Our new contributor Laith sent in the following blog post!
Tuesday June 5th 2012 hosts an event that will not be seen again until December of 2117. In the evening of the 5th (US time) the planet Venus will be visible as it crosses the disk of the Sun.
Starting at 6:09 p.m. EDT, Venus will spend the next seven hours traveling between Earth and the Sun.
Obviously this event is a once in a lifetime experience, however just like with an eclipse you need to take special care when viewing the Sun.
For your average family, who don’t have a telescope with the right sun viewing filters, the best way to view the event will be with a pinhole camera setup, Space.com has a good video on how to make one (http://www.space.com/15737-safely-sun-build-shoebox-pinhole-camera-video.html), you can find tons of good information about the event on their Transit of Venus FAQs page (http://www.space.com/15978-venus-transit-faq.html)
If you happen to have a normal telescope or a pair of binoculars you can also see a magnified view by using a projection technique (http://casa.colorado.edu/~dduncan/wp/?page_id=261 and http://www.exploratorium.edu/transit/how.html) but remember DON’T LOOK THROUGH THE LENS!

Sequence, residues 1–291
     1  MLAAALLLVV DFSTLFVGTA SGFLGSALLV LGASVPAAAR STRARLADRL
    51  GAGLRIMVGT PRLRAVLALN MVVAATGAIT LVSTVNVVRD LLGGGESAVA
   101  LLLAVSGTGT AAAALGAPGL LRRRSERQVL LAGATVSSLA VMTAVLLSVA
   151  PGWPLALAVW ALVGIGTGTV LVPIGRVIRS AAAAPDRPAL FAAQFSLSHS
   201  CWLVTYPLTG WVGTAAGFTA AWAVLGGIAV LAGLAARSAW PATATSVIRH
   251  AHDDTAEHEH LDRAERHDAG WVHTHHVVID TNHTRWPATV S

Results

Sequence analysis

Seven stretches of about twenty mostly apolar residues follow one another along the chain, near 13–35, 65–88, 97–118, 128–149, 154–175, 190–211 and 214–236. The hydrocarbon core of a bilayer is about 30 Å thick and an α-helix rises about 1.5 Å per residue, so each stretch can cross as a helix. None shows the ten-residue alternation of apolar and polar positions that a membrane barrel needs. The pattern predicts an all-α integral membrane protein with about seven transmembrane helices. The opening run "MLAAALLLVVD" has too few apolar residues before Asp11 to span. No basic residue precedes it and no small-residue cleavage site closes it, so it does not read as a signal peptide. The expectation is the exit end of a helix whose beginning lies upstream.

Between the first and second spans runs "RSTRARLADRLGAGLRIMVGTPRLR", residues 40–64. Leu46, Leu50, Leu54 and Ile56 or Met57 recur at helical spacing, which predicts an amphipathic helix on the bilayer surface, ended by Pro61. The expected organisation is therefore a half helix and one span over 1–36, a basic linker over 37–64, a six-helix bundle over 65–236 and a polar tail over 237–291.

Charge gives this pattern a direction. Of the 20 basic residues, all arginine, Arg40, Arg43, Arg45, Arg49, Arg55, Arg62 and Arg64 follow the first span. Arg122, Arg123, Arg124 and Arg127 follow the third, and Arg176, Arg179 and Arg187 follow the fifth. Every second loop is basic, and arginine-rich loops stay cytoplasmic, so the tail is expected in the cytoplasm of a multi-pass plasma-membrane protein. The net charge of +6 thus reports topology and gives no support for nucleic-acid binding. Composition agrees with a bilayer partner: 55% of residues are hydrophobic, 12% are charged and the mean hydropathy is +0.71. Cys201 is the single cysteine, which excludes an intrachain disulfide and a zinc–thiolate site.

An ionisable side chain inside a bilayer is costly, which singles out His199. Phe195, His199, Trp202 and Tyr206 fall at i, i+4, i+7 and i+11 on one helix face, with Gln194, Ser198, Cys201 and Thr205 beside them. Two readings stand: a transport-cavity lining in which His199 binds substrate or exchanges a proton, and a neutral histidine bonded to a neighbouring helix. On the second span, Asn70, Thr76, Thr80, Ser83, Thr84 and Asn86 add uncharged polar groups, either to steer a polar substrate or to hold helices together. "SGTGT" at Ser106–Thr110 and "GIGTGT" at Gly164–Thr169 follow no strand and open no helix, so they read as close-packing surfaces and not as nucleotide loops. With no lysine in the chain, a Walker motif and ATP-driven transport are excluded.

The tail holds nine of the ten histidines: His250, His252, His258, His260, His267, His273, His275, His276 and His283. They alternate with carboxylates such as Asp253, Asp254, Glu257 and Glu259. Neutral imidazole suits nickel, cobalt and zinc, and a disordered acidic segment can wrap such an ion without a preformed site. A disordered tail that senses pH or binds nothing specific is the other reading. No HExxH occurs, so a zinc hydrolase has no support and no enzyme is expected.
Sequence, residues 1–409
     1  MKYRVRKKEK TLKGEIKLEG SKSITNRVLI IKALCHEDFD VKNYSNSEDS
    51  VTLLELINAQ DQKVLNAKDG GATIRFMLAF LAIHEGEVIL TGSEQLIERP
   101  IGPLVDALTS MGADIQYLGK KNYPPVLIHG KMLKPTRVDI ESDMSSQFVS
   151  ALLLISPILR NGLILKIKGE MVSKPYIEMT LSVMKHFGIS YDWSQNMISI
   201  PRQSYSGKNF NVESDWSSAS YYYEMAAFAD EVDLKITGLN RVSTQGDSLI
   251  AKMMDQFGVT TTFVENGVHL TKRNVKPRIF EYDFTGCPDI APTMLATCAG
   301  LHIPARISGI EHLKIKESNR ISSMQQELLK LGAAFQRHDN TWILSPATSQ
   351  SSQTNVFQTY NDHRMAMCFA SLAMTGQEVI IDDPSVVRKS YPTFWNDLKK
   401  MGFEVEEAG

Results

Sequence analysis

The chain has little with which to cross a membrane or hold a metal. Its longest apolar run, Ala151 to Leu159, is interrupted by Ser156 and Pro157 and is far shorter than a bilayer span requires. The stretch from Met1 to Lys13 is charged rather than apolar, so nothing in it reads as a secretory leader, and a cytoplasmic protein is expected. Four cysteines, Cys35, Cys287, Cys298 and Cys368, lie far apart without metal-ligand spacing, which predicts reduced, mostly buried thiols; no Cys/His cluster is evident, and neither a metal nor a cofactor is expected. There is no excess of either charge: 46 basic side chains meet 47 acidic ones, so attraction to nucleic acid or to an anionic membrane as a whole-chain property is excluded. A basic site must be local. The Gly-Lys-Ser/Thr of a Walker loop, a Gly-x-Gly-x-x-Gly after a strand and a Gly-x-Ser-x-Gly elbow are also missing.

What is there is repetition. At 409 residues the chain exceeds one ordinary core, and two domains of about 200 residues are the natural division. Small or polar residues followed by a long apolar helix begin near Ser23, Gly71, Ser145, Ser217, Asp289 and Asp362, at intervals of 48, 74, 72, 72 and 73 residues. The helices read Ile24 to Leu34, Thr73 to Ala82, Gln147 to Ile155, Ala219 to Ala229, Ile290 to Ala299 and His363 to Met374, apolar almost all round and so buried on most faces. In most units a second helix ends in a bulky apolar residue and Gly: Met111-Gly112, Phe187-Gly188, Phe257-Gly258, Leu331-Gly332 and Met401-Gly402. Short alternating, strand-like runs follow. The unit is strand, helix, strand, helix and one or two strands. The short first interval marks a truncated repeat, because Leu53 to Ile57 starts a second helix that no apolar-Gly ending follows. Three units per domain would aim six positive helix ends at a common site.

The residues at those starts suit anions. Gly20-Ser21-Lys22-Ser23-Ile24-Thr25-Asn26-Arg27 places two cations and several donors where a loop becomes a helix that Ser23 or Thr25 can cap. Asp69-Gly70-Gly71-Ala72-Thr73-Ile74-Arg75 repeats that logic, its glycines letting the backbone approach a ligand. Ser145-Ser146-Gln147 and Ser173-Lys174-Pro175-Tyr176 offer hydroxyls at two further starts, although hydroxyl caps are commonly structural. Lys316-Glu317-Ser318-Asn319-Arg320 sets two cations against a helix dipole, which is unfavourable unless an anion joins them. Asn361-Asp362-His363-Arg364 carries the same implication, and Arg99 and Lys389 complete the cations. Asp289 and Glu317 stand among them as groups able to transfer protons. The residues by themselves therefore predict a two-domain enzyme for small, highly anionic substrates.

For those who don’t have the time, or bad weather there are several webcasts being done to highlight the event, NASA has one from the top of Mauna Kea, Hawaii starting about 15 minutes before the transit, (http://sunearthday.gsfc.nasa.gov/webcasts/nasaedge/) and they also provide a list of other online viewings (http://sunearthday.nasa.gov/2012/transit/webcast.php)
If you search around there are a number of science and astronomy podcasts that are talking about the event and many science blogs doing so as well. I also have a link to a NASA Science video about the transit posted over on my blog.
I hope that you will enjoy this experience with your kids as much as I plan to.